The Grey-headed Lovebird/Gray-headed Lovebird or Madagascar Lovebird – Agapornis canus (Gmelin, JF, 1788) – is the only Lovebird specie that does not live in Africa itself but on Madagascar.
They are not very common in captivity and are sensitive to cold weather. They are shy and nervous by nature and therefore not as suitable as domestic birds. They may be aggressive to art mates. They are more difficult to breed than other Lovebirds. With proper care they can reach a lifespan of 10-20 years.
They have relatively large wings and are good and fast flyers.
The body color is green with darkgreen back and wings. The chest is a lighter green and lightgreen rump. The beak and feets are lightgrey.
The species is sexually dimorphic: The male has a light grey head and upper part of the chest – the female has a green head and chest.
Size: 13 – 15 cm
Weight: 25 – 31,5 gram
Two subspecies are recognized:
The Grey-headed Lovebird is native to Madagascar. The two subspecies live in different regions on Madagascar:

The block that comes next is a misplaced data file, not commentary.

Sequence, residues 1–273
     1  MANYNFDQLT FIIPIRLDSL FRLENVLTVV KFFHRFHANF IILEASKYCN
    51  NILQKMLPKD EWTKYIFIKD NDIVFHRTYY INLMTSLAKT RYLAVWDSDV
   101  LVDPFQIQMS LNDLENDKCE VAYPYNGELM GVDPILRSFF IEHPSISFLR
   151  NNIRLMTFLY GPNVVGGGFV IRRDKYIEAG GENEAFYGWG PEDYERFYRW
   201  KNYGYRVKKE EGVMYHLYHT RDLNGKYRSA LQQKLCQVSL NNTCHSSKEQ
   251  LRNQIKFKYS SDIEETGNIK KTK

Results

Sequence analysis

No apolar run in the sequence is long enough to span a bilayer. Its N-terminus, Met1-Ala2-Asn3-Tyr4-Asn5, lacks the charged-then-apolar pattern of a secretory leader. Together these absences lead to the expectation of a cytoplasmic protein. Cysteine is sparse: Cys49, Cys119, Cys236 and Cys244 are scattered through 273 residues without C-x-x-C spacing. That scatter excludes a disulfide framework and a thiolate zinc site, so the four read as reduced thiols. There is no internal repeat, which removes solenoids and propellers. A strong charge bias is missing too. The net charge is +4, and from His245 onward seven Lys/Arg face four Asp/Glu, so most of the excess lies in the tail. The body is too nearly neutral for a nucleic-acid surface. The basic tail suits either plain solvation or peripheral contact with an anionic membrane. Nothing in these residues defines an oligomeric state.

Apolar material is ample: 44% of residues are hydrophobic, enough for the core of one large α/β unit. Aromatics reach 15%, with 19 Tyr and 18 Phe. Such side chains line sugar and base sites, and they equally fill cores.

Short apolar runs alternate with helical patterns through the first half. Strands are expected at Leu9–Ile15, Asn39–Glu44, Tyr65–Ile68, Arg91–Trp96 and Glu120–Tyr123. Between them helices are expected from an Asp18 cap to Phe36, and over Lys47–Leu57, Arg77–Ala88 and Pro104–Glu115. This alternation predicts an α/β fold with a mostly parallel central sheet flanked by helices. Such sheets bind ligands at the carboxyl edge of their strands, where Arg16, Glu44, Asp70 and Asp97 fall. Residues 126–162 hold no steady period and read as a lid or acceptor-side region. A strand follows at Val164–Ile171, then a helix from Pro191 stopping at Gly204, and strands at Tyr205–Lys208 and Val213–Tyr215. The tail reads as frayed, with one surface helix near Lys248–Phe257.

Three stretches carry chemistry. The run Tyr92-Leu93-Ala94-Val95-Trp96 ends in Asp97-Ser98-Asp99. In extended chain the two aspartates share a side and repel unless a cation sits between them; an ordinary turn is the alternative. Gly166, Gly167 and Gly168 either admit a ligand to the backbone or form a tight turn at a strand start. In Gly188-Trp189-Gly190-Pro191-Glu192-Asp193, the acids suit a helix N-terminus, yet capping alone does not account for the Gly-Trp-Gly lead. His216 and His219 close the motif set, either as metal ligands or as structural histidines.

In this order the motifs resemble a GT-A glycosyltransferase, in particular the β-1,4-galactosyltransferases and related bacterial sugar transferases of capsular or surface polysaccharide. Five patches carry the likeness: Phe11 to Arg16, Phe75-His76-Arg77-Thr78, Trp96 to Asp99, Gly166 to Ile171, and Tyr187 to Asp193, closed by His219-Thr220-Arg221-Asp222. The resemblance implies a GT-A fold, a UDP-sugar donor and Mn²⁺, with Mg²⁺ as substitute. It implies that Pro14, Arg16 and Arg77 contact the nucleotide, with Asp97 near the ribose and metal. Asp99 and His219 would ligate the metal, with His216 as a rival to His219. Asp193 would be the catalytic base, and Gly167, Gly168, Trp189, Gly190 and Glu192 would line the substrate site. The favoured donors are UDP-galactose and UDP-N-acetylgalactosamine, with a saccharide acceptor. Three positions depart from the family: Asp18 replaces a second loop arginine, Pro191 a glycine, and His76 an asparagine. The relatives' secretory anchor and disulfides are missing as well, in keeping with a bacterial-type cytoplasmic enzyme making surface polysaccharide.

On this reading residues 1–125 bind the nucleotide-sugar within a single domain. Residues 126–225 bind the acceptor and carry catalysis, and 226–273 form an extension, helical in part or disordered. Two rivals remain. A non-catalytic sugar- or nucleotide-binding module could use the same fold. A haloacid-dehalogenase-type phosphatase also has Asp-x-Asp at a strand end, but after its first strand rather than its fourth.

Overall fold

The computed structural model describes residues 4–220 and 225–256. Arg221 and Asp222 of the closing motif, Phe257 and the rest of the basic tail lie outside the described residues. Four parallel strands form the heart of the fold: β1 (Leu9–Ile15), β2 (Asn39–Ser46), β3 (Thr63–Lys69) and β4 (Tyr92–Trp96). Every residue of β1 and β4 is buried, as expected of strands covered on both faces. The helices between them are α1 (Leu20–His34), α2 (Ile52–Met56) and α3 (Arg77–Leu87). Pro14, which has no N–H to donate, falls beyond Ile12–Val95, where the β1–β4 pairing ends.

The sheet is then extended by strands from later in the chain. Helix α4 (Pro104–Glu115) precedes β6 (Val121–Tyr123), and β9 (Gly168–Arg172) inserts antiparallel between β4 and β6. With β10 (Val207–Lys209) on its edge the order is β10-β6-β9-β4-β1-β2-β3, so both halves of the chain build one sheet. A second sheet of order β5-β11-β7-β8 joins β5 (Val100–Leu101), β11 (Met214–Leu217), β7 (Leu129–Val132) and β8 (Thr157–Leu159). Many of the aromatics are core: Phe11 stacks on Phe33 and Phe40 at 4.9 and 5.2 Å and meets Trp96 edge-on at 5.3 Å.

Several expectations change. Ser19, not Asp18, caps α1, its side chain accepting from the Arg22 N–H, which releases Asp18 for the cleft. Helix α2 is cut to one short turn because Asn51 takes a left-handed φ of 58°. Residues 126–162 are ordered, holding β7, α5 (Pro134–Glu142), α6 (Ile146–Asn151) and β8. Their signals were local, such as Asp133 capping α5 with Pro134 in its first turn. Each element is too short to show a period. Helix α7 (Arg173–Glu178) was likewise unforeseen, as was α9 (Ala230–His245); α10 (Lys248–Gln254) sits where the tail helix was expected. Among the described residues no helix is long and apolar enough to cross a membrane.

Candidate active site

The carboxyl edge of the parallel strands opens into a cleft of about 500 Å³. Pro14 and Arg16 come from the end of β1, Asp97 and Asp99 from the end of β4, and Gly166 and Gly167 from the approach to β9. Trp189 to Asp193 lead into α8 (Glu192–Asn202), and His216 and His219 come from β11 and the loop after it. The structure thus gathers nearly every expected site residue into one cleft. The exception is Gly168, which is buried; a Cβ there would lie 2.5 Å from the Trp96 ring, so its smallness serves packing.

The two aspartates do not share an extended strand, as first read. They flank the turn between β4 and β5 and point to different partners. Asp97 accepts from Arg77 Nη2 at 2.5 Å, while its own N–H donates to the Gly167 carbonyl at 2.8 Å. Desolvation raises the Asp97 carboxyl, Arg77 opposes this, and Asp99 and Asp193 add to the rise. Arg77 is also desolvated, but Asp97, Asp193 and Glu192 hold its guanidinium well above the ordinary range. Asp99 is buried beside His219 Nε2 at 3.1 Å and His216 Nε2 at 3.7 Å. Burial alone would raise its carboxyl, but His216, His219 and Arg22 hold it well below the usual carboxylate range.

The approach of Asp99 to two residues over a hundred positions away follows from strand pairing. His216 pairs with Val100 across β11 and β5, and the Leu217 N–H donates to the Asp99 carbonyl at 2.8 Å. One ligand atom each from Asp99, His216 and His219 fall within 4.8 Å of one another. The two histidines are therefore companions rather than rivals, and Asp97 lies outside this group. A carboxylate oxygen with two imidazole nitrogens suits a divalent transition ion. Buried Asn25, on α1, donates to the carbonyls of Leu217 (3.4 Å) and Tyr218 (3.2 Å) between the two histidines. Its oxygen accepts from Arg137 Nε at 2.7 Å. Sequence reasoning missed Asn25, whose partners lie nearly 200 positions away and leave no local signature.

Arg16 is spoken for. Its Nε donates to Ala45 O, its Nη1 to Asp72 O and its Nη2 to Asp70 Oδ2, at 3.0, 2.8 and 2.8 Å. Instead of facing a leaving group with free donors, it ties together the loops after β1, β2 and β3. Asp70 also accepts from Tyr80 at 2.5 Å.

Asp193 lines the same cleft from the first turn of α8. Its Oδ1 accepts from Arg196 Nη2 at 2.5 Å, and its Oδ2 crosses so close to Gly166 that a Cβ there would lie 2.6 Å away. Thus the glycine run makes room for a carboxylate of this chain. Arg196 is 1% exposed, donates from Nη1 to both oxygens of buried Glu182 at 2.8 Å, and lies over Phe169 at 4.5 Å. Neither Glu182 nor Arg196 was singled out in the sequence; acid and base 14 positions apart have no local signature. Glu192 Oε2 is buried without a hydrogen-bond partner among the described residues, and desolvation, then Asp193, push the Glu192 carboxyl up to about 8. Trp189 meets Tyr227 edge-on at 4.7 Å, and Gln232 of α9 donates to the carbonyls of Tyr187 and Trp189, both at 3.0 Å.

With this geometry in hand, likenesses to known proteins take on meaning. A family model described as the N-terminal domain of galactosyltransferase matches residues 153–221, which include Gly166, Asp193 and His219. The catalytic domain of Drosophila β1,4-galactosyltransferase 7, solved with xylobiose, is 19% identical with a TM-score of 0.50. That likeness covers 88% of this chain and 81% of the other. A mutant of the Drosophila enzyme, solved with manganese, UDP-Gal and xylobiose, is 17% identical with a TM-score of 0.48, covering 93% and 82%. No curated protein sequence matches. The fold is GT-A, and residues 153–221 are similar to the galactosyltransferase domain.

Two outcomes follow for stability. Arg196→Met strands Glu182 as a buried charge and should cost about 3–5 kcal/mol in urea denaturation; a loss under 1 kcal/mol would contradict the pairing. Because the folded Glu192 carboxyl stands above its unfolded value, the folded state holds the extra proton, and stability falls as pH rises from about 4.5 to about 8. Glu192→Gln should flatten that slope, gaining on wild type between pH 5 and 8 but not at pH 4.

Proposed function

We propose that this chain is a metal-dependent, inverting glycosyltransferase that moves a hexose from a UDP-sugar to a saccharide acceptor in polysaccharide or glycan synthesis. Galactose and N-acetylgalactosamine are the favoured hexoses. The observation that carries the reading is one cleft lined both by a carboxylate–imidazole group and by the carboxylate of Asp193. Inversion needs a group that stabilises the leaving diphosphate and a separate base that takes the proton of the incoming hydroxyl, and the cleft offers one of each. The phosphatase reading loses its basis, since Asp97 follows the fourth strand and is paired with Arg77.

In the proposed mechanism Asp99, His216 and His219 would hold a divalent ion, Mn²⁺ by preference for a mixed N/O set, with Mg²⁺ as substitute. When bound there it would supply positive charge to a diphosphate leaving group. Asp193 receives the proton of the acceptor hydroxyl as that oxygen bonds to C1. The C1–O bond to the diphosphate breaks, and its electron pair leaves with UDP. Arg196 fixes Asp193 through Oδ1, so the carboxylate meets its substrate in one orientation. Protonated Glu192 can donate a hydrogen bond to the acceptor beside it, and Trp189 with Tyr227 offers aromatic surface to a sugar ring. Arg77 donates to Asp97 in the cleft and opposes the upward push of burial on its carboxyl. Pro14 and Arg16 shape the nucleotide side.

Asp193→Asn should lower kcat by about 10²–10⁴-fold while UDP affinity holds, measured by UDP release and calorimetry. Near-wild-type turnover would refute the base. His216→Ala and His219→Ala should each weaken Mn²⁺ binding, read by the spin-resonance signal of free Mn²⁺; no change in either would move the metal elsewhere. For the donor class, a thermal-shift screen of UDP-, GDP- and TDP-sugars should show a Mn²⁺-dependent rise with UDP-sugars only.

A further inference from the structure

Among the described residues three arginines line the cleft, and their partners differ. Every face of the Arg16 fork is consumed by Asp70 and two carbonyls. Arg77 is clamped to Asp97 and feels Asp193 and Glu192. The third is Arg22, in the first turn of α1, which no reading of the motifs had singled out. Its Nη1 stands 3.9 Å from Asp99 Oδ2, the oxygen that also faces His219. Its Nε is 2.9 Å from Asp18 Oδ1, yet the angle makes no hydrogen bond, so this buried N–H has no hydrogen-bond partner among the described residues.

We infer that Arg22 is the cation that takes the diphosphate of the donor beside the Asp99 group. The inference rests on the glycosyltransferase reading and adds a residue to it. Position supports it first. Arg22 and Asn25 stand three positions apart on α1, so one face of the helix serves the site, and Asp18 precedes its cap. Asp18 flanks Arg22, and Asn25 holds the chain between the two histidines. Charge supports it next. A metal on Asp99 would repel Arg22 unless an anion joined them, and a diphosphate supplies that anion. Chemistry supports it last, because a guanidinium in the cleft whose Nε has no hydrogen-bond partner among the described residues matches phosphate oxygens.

The Grey-headed Lovebird have been introduced to several of the other islands off the east coast of Africa: Comoros, Seychelles, Reunion, Mauritus and Zanzibar.
Wild birds mainly feed on grass seeds.
The diet should be based on a good quality pellet; also provide a mix of small seeds like millet, canary, oats and hemp. Fruits and green leaves.
They are not common as domestic birds and are more difficult to breed than other Lovebird species. They prefer to mate during autumn.
They are very shy and nervous and easily frightened in the aviary.
They have low tolerance to cold weather.
A vertical box about 15 x 15 x 15 cm (6″ x 6″ x 6″) is used as nest box.
The clutch contains 5-7 eggs. Incubation time is about 22-23 days; the chicks reach fledging age after 6 weeks.
BirdLife International 2018. Agapornis canus. The IUCN Red List of Threatened Species 2018: e.T22685326A131875130.
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